The benefits of listing a hotel on booking aggregator sites make doing so essential, especially as competition is fierce and you want to be where your competitors are. So, what does this mean for hoteliers?
How hoteliers can make the bookings process as guest-friendly as possible
Encouraging potential guests to go direct to their website will not only drive bookings, but can increase guest spend and revpar, as well as building loyalty and encouraging guests to return. The key to success here is to ensure that owned booking platforms are user-friendly, up-to-date, responsive and secure.
We know that 60% of hotel-stayers book through a hotel’s own website, making it the most popular channel to book through. To make the most of this opportunity, ensuring guests can easily book and update their reservations online is key to providing a great experience. Sending friendly reminders in the run up to a stay adds a light personal touch to the customer journey that guests will appreciate.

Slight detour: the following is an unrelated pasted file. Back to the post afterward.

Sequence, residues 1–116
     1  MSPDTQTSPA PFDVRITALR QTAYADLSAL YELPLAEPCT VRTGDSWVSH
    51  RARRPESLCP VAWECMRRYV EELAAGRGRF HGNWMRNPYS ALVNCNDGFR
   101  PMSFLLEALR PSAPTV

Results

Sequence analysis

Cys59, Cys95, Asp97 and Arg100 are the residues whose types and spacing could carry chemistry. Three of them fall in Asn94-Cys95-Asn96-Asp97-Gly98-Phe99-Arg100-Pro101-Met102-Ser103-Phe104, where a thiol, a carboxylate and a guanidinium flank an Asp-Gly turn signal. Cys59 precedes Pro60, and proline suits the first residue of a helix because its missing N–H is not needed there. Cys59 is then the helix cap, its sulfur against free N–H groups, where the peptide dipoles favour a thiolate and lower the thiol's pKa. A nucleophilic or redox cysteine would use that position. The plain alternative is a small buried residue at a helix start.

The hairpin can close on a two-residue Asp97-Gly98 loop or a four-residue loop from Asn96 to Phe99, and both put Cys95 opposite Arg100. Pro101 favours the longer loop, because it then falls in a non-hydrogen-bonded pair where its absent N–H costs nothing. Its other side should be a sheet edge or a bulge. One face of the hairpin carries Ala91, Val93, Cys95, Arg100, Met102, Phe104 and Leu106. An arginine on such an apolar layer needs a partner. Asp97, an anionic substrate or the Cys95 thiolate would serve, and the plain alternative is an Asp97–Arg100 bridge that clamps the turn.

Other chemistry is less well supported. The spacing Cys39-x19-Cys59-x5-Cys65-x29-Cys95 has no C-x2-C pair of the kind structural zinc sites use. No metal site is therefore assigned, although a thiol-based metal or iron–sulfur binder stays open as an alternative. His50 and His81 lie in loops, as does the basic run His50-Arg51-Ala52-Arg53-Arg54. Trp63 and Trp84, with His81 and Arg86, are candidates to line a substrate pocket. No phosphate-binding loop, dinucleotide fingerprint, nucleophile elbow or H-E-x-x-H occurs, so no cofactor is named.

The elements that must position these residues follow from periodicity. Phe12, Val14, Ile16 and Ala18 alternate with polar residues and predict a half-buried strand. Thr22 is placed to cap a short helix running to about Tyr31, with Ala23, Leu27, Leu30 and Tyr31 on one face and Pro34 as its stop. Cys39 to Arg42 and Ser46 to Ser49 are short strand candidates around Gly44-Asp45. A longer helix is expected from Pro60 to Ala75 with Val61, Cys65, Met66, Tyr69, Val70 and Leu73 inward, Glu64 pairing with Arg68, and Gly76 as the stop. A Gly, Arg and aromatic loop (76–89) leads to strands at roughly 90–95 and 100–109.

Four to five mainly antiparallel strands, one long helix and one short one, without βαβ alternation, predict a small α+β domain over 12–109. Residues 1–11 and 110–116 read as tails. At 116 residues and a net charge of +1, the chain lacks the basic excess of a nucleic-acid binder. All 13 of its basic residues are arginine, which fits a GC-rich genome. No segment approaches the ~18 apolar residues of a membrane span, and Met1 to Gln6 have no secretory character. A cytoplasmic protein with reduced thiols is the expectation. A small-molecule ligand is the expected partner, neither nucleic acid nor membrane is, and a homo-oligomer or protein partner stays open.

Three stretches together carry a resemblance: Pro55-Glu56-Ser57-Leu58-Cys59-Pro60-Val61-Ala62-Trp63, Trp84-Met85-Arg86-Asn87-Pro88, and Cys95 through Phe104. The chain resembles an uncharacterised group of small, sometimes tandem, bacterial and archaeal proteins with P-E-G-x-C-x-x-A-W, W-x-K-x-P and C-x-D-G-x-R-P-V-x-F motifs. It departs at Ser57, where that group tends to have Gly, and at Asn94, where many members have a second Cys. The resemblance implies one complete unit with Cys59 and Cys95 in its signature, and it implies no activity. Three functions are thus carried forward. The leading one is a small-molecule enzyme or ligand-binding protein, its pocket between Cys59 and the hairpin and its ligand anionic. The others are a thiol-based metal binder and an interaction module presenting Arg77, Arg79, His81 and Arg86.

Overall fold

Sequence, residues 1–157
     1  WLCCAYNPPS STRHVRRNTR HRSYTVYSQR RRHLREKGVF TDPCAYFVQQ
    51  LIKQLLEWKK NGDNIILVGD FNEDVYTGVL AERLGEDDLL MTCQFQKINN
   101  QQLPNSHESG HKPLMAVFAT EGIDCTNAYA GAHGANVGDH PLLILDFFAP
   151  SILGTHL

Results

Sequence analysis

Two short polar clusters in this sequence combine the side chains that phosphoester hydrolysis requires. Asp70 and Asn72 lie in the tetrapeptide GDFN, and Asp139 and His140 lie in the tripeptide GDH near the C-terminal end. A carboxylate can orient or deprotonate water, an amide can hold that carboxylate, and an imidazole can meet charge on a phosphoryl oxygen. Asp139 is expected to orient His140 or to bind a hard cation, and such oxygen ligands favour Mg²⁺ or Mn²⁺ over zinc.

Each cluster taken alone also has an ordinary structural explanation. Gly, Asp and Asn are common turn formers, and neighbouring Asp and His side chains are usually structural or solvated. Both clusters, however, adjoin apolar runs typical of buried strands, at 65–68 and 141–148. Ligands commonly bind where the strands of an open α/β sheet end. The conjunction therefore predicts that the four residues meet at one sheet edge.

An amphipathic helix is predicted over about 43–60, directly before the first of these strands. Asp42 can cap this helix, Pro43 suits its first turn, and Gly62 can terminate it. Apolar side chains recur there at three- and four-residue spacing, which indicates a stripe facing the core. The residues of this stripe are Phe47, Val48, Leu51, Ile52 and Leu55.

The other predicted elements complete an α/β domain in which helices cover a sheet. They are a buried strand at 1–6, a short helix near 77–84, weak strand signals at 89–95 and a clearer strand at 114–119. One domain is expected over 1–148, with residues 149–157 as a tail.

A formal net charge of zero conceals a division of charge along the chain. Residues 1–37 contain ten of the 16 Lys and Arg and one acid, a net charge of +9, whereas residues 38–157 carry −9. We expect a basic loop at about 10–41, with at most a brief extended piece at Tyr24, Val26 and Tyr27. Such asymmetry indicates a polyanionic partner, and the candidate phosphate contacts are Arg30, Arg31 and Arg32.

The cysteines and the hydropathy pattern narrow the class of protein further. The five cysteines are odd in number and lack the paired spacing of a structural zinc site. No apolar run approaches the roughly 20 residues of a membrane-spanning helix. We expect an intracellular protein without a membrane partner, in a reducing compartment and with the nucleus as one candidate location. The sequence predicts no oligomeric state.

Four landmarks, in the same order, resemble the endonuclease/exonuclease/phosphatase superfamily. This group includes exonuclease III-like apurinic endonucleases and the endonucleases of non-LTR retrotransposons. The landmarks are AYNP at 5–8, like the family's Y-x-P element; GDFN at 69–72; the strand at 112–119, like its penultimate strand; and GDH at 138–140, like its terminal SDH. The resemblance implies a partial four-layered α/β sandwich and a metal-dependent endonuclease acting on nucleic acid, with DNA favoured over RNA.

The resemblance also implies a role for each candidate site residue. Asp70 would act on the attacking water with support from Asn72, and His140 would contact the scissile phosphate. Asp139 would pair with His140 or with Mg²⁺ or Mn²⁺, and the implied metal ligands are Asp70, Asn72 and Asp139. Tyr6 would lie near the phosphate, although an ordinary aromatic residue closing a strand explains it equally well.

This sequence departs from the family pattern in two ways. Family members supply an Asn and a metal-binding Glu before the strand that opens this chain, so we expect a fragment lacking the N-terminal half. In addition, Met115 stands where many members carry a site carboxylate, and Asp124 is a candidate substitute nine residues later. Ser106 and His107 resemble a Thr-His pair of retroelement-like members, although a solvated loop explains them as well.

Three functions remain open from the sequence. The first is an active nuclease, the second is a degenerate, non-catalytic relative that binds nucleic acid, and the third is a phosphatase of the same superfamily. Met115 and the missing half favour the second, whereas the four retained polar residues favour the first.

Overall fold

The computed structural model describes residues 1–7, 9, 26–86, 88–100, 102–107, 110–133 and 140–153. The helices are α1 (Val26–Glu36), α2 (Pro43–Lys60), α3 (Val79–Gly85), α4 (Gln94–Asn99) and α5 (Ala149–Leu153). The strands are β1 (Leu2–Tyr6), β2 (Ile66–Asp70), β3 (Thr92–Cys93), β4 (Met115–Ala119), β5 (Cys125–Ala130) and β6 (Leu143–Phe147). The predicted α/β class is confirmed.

Having a user-friendly booking system can drive revpar too. With the right booking tools, hotels can offer guests added extras at the time of booking, such as ordering room service on their first night, Champagne to the hotel room or book a table at the on-site restaurant. Offering guests these options can help drive overall spend at a time where guests are in buying mode. 
Once a good online booking system has been established, what happens next? Offering a blanket discount or incentive to re-book may be partially effective in enticing some guests to return and book direct. However, to maximise this opportunity, hoteliers should consider offering guests reasons to return that tap into their individual preferences and needs.